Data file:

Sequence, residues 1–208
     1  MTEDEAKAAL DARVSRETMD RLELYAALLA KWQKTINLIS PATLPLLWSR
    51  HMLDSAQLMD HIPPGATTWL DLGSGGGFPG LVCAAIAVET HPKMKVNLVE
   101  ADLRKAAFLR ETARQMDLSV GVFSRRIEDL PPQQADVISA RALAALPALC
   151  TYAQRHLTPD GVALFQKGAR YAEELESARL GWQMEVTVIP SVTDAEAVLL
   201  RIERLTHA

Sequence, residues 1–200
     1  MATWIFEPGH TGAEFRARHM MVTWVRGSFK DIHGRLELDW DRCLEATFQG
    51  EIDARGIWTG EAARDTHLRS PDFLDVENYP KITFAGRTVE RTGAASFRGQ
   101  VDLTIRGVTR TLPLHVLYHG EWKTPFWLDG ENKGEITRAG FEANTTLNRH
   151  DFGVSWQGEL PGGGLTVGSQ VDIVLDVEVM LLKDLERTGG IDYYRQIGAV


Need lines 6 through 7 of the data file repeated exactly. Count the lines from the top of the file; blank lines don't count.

   201  RIERLTHA

Sequence, residues 1–200